Garbage cans return to Main Street in Port

Garbage cans return to Main Street in Port

Garbage cans are back on Main Street in Port Washington.

The Port Washington Business Improvement District board voted unanimously last Wednesday to purchase garbage cans for Main Street, a month after the Town of North Hempstead removed its cans at the request of the Port Washington Garbage District.

The BID has not yet decided how many cans will be purchased but they will take 10 to 12 weeks to arrive, Mariann Dalimonte, the BID executive director, said.

Ten temporary cans purchased by the organization were placed along Main Street on Tuesday.

The BID applied for a Town of North Hempstead Business and Tourism Development Corp. grant, but recently asked for the grant to be resubmitted to purchase more cans for Main Street, Dalimonte said.

“We will be definitely be purchasing 10 but if we get money it will increase the amount,” Dalimonte said. 

Once the new cans arrive, the temporary ones will be removed.

The garbage district will resume collection six days a week, Paul Oleksiw, a garbage district commissioner, said.

Oleksiw also serves as the president of the BID.

He said the cans will be carefully mapped out.

The cans were removed after the garbage district passed a resolution in December to stop emptying them and suggested they be removed to help combat the community’s litter problem, according to a letter from the district to the town.

About 50 cans were removed.

In a letter sent to the town on Dec. 29,  the district’s three commissioners said eliminating the garbage collection six times a week from the town-owned cans “will reduce tipping fees charged to the district.”

The decision to remove the cans was made to force business owners along Main Street to stop throwing personal garbage in them, the commissioners said in the letter. The commissioners said the cans filled up and people left garbage next to them.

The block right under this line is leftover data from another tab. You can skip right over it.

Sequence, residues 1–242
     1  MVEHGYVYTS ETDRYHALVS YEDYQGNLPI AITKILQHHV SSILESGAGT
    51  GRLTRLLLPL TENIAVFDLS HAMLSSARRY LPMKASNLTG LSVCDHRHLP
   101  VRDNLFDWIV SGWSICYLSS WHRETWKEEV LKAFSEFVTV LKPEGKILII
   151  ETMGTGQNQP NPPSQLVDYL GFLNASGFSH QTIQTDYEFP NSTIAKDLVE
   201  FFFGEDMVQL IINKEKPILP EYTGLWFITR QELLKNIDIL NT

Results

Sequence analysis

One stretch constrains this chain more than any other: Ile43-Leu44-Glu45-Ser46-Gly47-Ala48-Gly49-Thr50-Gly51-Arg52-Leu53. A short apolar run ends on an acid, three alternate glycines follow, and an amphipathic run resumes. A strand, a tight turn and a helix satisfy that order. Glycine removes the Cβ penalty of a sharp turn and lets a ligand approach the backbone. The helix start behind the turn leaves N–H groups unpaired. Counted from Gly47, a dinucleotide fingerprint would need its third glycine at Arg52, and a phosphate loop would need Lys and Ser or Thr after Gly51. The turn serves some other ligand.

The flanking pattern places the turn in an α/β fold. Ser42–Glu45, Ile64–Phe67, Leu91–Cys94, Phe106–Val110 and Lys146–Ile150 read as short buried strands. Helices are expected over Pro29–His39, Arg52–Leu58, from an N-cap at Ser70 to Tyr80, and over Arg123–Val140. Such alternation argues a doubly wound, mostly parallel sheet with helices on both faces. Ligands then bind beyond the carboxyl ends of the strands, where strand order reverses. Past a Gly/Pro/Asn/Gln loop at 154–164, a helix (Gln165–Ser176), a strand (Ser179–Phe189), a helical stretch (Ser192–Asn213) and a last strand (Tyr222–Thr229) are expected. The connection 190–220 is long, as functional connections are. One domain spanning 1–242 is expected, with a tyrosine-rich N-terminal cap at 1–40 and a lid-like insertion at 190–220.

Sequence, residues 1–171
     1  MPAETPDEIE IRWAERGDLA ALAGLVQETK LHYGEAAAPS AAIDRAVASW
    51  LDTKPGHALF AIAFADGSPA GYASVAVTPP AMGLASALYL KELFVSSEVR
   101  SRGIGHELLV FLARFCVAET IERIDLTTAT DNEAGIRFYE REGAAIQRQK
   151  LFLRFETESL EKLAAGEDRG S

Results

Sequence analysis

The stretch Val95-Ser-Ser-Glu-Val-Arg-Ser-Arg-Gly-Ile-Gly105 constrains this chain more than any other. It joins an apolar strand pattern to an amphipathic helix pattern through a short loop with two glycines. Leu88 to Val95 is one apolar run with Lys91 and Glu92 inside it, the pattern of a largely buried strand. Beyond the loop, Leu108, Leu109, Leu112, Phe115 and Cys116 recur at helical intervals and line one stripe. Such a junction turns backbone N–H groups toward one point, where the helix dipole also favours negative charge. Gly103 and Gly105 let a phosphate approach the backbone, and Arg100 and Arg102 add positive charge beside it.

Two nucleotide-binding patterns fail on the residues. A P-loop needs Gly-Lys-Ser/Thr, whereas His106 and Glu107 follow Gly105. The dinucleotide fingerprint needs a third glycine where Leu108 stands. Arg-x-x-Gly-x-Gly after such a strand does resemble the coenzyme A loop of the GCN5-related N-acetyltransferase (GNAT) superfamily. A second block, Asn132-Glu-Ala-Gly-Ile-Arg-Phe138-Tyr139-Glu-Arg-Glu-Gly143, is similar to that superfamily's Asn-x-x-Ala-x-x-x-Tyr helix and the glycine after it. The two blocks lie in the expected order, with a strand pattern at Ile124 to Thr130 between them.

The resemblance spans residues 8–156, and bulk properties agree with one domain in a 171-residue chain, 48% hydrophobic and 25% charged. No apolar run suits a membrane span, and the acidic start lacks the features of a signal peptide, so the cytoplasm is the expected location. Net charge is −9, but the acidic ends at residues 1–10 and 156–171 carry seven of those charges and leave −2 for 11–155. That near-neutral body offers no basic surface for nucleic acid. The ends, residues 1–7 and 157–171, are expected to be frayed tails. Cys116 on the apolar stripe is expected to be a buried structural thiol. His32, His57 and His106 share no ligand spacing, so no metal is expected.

The district was not contractually obligated to remove the garbage but did so out of courtesy to the town, the commissioners said in the letter.

The garbage district told residents that the town “allowed them to fall into disrepair making them unsightly and, in some cases, unusable.”

“The town accepted no responsibility for them,” the commissioners said in an email to residents. “The town has the workforce and owns garbage trucks. Our thought was that they would be able to empty them as often as needed and provide oversight of the mentioned problems and work directly with their own code enforcement.”

With Residents For a More Beautiful Port Washington rolling out a campaign to combat litter in the spring, Rick Krainin, a co-president of the community group, said he’s pleased the cans will be replaced.

“Litter is the number one complaint Residents receive,” he said. “It’s something we’re trying to tackle in a way the entire community can be involved. We know this will take active involvement in all stakeholders, from landlords and tenants to store workers and those of use who walk on Main Street.”

Residents’ litter campaign, PW Gives a Litter Bit, will focus on making Port Washington litter-free by using a three-step program: First by taking a pledge, then by becoming a volunteer and then by spreading the word.

“It takes a village and no one group alone can solve this problem,” Krainin said. “We are happy to see that the steps are being taking and it’s a start.”

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